Story #9053

Updated by Tom Clegg over 2 years ago

h2. Background

We want to replace our Rails server with a Go server. However:
* Porting the entire code base to Go, and cutting over everything at once, seems unlikely to go smoothly.
* In the time it takes to port, the Rails functionality will change. Keeping them in sync will be challenging.
* Porting the functionality and the corresponding tests at once is likely to result in unnoticed errors and omissions.

h2. Development Proposed approach

The first version of the Go service is just an HTTP proxy: it forwards each request to a configured upstream Rails API server. Nginx configs in the install docs (and existing deployments) are updated to send API requests to this new server.

Next, port _some_ functional/integration tests from the Rails server code base to the Go code base. These tests will pass because Go server is already proxying the relevant requests to the Rails server. (Mocking won't be portable, though!)

Each test that has been ported to Go can be skipped in the Rails code base.

When enough Rails tests are skipped to remove an API from Rails _without making the remaining tests fail_, that API can be ported to Go. The relevant tests are already in place in the Go code base, so they should be a reasonable way to confirm that the new Go port is correct.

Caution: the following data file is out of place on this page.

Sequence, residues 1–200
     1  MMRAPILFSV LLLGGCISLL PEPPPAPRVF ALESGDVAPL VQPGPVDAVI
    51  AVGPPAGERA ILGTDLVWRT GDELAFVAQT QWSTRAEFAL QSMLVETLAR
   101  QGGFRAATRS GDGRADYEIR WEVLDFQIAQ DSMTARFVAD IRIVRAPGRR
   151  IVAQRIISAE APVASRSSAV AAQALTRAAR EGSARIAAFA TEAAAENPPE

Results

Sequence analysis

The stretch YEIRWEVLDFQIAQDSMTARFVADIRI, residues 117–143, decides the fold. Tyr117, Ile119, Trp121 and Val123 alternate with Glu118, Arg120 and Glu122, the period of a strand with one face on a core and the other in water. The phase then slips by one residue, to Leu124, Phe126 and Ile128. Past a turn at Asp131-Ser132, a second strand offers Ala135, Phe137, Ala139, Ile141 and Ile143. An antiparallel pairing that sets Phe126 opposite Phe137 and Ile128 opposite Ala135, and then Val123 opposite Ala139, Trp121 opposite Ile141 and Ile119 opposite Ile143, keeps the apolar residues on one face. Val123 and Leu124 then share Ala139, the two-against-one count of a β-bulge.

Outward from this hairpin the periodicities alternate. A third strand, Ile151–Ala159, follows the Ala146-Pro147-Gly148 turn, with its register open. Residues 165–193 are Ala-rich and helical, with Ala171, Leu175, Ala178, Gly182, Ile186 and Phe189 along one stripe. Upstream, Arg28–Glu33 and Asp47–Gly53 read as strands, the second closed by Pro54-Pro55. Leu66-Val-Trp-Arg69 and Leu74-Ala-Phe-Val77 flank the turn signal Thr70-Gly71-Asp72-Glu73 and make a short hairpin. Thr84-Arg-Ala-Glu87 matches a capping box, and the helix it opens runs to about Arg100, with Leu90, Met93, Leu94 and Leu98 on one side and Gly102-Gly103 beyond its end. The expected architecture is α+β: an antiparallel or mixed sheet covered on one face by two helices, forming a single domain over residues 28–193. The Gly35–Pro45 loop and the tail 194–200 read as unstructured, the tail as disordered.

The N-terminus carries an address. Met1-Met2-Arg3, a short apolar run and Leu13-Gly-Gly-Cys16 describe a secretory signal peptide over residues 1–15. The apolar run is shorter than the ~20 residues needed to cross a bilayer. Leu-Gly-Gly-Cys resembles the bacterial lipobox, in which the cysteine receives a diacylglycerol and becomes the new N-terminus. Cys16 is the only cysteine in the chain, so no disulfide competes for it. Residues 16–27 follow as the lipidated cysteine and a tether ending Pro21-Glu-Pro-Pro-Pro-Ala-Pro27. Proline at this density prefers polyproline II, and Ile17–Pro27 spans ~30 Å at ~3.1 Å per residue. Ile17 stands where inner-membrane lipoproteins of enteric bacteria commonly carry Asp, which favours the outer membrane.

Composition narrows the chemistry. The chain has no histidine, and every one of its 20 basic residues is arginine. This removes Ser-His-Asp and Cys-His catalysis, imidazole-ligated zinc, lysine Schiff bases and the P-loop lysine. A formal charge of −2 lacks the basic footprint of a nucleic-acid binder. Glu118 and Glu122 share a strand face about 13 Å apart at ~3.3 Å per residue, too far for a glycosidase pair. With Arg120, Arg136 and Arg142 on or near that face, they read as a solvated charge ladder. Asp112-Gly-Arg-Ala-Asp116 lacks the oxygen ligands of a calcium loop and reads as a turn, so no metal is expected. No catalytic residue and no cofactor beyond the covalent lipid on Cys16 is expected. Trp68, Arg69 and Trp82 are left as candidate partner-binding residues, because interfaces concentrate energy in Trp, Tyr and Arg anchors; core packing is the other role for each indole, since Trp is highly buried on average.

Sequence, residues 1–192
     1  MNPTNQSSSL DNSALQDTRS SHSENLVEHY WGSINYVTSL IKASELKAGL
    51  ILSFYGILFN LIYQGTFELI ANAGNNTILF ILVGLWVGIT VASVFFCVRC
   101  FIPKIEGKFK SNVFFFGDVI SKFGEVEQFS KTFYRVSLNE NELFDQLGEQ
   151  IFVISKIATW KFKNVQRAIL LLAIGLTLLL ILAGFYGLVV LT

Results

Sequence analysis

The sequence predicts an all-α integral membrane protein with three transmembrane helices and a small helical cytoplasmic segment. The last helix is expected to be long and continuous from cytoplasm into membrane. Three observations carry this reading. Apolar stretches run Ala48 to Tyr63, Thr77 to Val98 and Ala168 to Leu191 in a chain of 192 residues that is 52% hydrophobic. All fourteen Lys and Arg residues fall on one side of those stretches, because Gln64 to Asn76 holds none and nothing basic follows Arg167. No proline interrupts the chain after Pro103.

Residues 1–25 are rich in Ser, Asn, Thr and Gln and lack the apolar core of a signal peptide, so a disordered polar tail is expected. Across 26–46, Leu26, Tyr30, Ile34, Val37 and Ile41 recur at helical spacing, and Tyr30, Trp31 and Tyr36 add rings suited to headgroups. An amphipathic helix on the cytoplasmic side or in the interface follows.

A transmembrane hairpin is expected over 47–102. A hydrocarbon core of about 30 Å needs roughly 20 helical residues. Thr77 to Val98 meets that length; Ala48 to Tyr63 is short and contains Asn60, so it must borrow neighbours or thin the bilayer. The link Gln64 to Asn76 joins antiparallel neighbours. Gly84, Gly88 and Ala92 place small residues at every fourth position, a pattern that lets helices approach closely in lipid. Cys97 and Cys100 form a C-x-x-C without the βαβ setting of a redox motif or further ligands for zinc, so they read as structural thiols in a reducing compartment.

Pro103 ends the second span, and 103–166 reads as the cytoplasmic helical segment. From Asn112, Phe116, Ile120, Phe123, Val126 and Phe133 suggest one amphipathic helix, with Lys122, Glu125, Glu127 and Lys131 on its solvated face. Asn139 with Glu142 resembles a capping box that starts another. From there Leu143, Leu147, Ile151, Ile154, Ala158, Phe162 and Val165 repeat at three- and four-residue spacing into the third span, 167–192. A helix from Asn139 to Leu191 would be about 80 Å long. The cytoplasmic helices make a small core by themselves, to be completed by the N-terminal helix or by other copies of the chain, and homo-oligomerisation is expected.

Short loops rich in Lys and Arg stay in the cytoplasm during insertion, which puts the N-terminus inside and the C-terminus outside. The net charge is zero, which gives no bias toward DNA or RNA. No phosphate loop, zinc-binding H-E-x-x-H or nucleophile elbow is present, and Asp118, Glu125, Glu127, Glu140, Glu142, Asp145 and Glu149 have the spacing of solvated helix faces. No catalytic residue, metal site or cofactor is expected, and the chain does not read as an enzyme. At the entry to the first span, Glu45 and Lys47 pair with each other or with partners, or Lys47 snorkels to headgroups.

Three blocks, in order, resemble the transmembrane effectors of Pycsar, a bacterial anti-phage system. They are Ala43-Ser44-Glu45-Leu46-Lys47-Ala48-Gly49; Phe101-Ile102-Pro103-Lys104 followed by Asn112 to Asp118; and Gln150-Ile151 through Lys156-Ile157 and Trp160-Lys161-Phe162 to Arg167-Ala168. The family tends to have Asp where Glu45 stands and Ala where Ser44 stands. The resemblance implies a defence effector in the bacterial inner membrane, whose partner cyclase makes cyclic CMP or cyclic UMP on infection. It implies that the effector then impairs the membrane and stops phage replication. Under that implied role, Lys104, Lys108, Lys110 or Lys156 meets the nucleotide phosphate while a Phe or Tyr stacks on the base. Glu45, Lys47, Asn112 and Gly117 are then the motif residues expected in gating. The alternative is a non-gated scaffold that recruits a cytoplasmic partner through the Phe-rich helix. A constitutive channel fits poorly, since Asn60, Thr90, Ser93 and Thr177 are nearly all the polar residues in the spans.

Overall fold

Repeat until all tests are ported to Go, and they pass even with the proxy-to-Rails feature removed.

h2. Caveats / TBD

Rails tests are fast (at least faster than Workbench tests, for example) because they use transaction rollback to reset database state. This option won't be available when tests run in a different (Go) process. Practically, this means the Go tests will need to use the "database reset" API, and they will run slowly.
* Perhaps we can start by implementing "database reset" in Go? It will have direct access to the Postgres database, and it could take a snapshot of the database at startup instead of reading the Rails YAML fixtures.
* Is there a better way around this?

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